Manufacturing of the multi-lumen design for the cleaning component 1150 m utilizing existing available manufacturing and assembly processes such as extrusion, injection, vacuum, blow, or compression molding. Other feasible techniques include rapid prototyping techniques such as 3D printing and other additive techniques, as well as subtractive techniques.

One manufacturing method is to create individual component shells through vacuum forming. Low cost methods allow vacuuming forming of very thin wall structures. The component geometry is designed to provide the interlocking features and structural geometry to allow minimization of the size of cleaning component 1150. When assembled, the manufactured components form the necessary manifolds and flow structure (bidirectional and/or dedicated manifolds) to provide the required performance characteristics for treating/cleaning the teeth.

Materials for the lumens could range from lower durometer flexible materials (25 shore A) to harder materials more rigid materials (90 shore A), preferably being between 30 and 70 shore A.

Materials could be silicone, thermoplastic elastomer (TPE), polypropylene (PP), polyethylene (PE), polyethylene terephthalate (PET), ethylene vinyl acetate (EVA), polyurethane (PU), or multi-component (combination of materials and hardness) to achieve desired design and performance attributes.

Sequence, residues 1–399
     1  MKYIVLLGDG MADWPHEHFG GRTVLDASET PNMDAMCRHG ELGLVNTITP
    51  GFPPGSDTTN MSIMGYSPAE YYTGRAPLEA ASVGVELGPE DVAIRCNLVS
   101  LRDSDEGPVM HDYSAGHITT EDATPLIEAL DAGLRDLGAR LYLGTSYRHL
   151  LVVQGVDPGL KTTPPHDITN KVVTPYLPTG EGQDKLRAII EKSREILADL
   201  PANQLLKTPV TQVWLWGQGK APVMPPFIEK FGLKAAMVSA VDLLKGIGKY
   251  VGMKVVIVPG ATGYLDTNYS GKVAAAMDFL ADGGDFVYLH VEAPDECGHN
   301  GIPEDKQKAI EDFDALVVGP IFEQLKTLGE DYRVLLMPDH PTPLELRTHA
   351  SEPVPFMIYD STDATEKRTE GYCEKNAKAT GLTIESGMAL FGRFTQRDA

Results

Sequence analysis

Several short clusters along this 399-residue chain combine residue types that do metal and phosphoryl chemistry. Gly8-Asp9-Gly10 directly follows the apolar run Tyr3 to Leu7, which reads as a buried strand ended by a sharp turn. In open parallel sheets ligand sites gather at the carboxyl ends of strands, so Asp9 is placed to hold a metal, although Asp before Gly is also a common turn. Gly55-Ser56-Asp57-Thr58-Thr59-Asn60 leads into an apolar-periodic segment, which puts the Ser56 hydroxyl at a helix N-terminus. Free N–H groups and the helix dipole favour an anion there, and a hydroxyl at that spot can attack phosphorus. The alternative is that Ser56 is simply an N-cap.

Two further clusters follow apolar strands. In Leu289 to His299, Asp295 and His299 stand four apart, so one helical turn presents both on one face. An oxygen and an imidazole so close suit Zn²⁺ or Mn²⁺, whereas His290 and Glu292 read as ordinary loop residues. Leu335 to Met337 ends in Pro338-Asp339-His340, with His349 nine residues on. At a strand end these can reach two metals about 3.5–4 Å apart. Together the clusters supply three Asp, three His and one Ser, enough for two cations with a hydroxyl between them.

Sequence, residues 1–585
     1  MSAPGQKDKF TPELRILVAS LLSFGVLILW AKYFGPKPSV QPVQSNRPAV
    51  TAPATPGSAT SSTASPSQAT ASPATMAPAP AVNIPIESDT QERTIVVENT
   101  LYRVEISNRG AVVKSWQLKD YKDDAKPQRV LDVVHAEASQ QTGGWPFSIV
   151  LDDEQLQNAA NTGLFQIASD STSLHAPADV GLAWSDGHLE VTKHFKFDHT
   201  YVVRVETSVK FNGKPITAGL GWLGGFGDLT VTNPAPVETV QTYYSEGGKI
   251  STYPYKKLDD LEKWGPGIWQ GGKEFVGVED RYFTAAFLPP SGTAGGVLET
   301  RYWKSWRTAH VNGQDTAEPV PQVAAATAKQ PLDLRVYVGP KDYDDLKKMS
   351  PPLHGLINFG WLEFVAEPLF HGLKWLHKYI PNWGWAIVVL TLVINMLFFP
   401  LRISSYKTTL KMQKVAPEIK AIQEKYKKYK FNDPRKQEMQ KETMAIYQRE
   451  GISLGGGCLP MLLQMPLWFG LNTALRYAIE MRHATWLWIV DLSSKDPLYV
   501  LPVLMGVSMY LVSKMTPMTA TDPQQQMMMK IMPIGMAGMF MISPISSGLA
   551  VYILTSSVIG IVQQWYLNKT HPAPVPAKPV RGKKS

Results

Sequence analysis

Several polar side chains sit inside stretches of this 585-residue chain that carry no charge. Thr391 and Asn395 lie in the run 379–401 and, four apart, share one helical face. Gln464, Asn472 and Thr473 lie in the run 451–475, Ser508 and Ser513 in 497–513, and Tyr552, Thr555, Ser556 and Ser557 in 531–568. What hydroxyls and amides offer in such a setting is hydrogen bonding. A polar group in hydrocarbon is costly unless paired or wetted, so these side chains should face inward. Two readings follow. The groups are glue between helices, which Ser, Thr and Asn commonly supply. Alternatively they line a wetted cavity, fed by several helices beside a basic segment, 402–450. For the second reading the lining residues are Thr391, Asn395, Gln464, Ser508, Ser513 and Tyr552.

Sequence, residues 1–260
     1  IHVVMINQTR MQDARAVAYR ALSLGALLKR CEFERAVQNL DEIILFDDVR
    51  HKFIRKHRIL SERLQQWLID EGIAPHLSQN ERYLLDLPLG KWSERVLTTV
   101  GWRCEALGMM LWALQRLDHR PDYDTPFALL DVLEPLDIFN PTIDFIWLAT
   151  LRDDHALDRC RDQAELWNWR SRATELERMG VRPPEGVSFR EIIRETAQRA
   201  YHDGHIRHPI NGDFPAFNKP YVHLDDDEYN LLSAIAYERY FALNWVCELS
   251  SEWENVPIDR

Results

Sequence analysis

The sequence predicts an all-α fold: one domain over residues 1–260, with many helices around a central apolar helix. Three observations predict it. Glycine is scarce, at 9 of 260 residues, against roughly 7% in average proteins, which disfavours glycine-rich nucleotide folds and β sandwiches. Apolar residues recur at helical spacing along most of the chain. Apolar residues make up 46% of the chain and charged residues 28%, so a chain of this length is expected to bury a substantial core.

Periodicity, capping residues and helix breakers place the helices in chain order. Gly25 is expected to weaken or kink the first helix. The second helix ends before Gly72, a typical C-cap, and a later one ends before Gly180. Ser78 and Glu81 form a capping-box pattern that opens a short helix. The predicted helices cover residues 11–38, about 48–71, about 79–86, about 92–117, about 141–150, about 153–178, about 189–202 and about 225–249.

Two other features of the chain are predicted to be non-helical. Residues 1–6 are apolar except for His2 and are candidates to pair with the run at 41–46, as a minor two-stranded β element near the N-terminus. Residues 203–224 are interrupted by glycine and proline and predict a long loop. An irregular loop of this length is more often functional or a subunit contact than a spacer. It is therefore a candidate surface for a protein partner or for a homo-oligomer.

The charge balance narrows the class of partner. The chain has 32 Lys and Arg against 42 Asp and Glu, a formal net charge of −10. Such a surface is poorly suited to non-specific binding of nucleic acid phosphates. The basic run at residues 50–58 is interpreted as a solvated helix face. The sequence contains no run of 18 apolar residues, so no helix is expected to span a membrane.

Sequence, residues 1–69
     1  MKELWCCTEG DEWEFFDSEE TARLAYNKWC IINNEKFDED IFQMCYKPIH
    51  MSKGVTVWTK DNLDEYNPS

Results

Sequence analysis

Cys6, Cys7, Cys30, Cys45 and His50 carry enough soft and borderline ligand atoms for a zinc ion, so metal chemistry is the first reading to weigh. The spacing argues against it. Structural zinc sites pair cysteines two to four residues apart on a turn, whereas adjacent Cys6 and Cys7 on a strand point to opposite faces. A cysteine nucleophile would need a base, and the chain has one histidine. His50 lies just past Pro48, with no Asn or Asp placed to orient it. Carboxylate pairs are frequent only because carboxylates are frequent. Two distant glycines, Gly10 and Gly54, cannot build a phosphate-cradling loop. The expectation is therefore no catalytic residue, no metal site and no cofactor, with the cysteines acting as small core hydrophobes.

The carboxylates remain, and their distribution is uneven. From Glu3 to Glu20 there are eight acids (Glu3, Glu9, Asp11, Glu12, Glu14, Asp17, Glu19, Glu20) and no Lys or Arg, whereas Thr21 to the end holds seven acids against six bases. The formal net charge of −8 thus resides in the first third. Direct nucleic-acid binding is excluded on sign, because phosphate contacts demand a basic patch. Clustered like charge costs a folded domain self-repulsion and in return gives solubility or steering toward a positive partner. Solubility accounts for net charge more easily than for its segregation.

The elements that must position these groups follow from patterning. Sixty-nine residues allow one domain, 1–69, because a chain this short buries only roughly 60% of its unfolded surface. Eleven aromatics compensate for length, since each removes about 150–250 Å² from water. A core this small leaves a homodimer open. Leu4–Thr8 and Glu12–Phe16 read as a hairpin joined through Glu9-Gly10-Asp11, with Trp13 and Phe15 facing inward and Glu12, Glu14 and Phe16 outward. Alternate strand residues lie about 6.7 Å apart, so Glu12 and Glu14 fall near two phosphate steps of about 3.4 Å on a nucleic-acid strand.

The first nozzles 1166 and second nozzles 1168 could be made through a secondary operation such as drilling or punching, or formed during molding. Alternatively, the first nozzles 1166 and second nozzles 1168 could be inserted into cleaning component 1150 to provide increased wear and or different jet performance characteristics, and could be combined with frictional cleaning elements or other components to enhance the cleaning and/or treatment affect.

Although the embodiment of FIGS. 12 and 13 show a single cleaning component 1150 on head 1140, it is to be understood that a second cleaning component similar to cleaning component 1150 may be disposed on the opposite facing of head 1140. The second cleaning component would provide substantially simultaneous contact of a plurality of surfaces of both top and bottom sections of the oral cavity

FIGS. 14 to 20 show a third embodiment of application device according to the present invention. FIG. 14 is a side view of neck 2130 and head 2140 of the device. The figure shows cleaning component 2150 disposed on the facing of head 2140. The figures show cleaning component 2150 is comprised of proximal sealing membrane 2152, distal sealing membrane 2154, first side wall 2156a, second side wall 2156b, and base inner wall 2158. FIG. 15 is a horizontal sectional view of FIG. 14 along the 15-15 plane. The figure shows delivery channel 2142 and vacuum channel 2144 disposed in neck 2130 and head 2140. Delivery manifold feed 2146 connects delivery channel 2142 to delivery manifold 2162 in cleaning component 2150. Vacuum manifold feed 2148 connects vacuum channel 2144 to vacuum manifold 2164 in cleaning component 2150. FIG. 16 is a horizontal sectional view of FIG. 14 along the 16-16 plane. The figure shows delivery manifold feed 2146 connected to delivery manifold 2162, and vacuum manifold feed 2148 connected to vacuum manifold 2162.